Of course, Gerard Butler is at the center of it all as he tries to diffuse the satellites and save the day. The schlocky film was panned by critics, with 13%, and many compared it to a dumbed down version of The Day After Tomorrow. Despite the fact the film lost nearly $100 million at the box office, enough of the general audience liked the movie to give it 41%.
5. All Eyez on Me
Tupac Shakur may be an undisputed legend in the hip-hop community, but his biopic All Eyez on Me wasn’t met with such universal love. Hoping to cash in on the critical and commercial success that was Straight Outta Compton, director Benny Boom turned in a heartfelt flick that perfectly captured the tensions in Shakur’s life up until his mysterious death in 1996. The film’s title, taken from Shakur’s fourth studio album, speaks to how Shakur handled the pressure of being a black icon.
With 18%, critics might have been too harsh on this one. Clearly, it wasn’t a perfect movie, but Demetrius Shipp Jr., who looks just like Shakur, turned in a thoughtful performance that brought a real emotional weight to the film. Full of heart, the movie went on to gross only $54.9 million off of a $40 million budget, and was enjoyed by 54% of audiences.
4. The Lost City of Z
Usually, the general audience is more receptive to a film than the critics, but that’s certainly not the case with The Lost City of Z. A story about a British soldier tasked with mapping the border between Brazil and Bolivia in the early 20th century, Screen Rant called the movie “a handsome and ambitious historical epic.” Directed by James Gray, The Lost City of Z received solid reviews from a wide variety of outlets, earning it 87% on Rotten Tomatoes.
Critics may have appreciated the movie, but fans weren’t sold on the film. The film only made about $8.5 million in the domestic box office, making it Charlie Hunnam’s first flop of the year – though not his last. The film was intelligent and technically solid, but it was hard to feel emotionally connected to the main characters, so audiences scored it a lower 57%.
3. Book of Henry (21% v 63%)
The Book of Henry – a whimsical movie about a dark subject – is a tonally confused film. 11 year old Henry Carpenter is a genius who can take care of his whole family. He can do everything, even invest money to help his family live a comfortable life, but he can’t quite figure out how to help his neighbor Christina from dealing with her abusive step-father. 63% of viewers enjoyed the movie, but Screen Rant described it as “baffling to the point of being fascinating for the wrong reasons.”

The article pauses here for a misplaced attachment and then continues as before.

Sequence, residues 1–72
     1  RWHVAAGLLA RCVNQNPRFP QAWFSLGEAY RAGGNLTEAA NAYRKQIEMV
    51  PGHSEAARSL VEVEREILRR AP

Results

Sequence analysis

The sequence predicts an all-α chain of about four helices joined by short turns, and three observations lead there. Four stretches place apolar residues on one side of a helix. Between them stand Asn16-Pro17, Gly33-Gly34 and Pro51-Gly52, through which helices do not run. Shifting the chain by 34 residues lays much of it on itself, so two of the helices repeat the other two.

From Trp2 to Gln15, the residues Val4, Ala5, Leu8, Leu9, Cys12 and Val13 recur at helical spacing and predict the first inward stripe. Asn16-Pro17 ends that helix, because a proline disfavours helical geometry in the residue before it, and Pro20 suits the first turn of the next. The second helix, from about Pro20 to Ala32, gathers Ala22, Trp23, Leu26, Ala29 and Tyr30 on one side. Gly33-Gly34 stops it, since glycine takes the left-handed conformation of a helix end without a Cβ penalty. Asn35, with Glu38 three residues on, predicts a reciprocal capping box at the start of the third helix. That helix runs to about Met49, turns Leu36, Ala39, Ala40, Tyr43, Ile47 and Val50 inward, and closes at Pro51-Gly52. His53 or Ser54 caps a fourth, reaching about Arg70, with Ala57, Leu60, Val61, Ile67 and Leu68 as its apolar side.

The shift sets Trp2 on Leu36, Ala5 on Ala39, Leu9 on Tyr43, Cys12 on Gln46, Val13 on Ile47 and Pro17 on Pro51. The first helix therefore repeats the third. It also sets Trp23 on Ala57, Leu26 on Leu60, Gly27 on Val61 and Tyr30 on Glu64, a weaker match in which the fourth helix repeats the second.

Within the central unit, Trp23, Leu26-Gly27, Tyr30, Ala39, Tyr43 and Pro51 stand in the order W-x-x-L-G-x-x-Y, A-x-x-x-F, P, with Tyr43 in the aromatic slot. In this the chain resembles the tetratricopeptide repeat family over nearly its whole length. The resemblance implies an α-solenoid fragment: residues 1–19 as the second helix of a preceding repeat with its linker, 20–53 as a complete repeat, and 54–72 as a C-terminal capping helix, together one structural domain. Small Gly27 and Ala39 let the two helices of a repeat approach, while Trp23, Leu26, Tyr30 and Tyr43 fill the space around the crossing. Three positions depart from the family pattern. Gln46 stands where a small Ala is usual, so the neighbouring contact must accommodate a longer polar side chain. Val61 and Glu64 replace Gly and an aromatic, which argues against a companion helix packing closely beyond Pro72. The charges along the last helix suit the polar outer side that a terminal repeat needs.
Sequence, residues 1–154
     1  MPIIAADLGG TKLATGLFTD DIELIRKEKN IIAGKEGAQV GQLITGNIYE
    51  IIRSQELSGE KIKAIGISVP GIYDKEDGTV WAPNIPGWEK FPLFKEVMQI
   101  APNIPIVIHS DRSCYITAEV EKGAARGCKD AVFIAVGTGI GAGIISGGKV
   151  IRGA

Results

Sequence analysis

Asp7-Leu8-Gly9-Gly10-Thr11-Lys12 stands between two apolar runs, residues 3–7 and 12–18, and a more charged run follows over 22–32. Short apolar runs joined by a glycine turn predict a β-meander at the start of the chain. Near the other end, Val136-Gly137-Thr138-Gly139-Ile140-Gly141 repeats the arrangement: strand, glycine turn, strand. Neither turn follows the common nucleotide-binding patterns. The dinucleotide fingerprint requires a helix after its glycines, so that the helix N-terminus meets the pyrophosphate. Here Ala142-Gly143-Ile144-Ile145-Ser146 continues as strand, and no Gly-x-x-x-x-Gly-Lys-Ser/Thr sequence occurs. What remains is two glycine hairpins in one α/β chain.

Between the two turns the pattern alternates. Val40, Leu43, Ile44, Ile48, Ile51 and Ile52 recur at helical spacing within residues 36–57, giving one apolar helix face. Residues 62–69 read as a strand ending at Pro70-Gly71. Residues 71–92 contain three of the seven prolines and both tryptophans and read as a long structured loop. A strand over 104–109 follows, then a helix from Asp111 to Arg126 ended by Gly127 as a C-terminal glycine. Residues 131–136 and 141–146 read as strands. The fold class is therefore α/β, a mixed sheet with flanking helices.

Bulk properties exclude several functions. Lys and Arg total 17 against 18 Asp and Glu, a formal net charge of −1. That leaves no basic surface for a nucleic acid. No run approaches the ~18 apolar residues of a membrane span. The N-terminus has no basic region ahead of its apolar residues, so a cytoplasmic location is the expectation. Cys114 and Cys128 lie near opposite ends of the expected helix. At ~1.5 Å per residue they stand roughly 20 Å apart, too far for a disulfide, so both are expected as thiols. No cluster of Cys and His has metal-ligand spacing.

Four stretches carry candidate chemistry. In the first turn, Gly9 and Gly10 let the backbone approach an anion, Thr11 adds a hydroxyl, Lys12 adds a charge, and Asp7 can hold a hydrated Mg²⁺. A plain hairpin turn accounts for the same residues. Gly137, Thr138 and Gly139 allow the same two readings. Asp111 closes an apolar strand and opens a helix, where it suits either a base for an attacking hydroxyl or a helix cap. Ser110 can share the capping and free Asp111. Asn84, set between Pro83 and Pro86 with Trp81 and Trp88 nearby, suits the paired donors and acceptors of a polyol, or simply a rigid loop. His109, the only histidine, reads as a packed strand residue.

Directed by Jurassic World helmer Colin Trevorrow, The Book of Henry was panned by critics – earning only 21% on Rotten Tomatoes. Rumors circulated that Katleen Kennedy already wanted to fire him from directing Star Wars IX, but after the movie’s poor reviews came out he was officially removed from the project.
2. King Arthur: Legend of the Sword (29% v 69%)
The first major flop of the summer, King Arthur: Legend of the Sword had a lot going for it. Director Guy Ritchie, famous for RocknRolla and Sherlock Holmes, brought a modern spin to the Arthurian legend. His energetic, flashy take on the material, coupled with Charlie Hunnam’s charismatic performance, resulted in an engaging, entertaining movie that 69% of audiences liked.
Packed with sword fights and monsters, the movie was perfectly crafted for the summer season. The problem is, Ritchie’s stylized approach isn’t for everyone and only 29% of critics liked it. Even though the movie is far from perfect, Screen Rant called it a “bombastic yet entertaining King Arthur epic.”
Despite the fact it bombed at the box office, Ritchie has been tasked with directing Disney’s live-action adaptation of Aladdin, due in theaters 2019.
1. Justice League (41% v 82%)
There was no bigger gap between audience and critic perceptions this year than on Justice League. DC’s premiere superhero team finally hit the big-screen, but it received lukewarm reception and the lowest domestic box-office opening for a DCEU film. The chemistry among the team members held this ensemble piece together, but there are a lot of glaring problems in the film.
Everything from the jagged tone to the sloppy CGI – especially on that damn mustache – led to the unfriendly critical reaction of 41%.The Screen Rant review said that “what Justice League offers in terms of whiz-bang entertainment, it lacks with respect to thematic substance.” Tonally, the movie was a bit of a mess as Zack Snyder and Joss Whedon’s personalities battled out for control over the final product, but there were a lot of fun moments that left hard core fans cheering and giving it 82% on Rotten Tomatoes.
What other movies do you think the critics misunderstood this year? Sound off in the comment section!